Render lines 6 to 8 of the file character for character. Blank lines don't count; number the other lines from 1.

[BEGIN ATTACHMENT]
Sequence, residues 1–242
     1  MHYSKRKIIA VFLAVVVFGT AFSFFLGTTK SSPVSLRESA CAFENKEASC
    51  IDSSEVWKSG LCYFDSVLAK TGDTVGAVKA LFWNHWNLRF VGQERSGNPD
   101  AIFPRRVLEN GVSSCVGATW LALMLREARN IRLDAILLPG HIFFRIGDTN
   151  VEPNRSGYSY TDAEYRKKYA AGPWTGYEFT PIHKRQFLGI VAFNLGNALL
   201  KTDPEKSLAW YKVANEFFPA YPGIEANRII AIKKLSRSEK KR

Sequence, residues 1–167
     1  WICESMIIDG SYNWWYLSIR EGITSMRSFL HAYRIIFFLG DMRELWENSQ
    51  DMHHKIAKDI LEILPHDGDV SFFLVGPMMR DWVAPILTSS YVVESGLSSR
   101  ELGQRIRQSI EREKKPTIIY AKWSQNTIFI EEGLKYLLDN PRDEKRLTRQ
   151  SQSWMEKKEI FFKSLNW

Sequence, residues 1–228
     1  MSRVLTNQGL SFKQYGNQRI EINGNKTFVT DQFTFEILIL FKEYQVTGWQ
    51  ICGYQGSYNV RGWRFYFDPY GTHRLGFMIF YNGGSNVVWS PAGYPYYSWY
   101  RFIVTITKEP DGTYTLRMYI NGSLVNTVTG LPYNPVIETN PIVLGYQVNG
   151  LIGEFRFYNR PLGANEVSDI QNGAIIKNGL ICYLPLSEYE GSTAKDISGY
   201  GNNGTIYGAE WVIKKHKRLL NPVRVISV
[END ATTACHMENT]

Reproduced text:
   201  KTDPEKSLAW YKVANEFFPA YPGIEANRII AIKKLSRSEK KR

Sequence, residues 1–167
     1  WICESMIIDG SYNWWYLSIR EGITSMRSFL HAYRIIFFLG DMRELWENSQ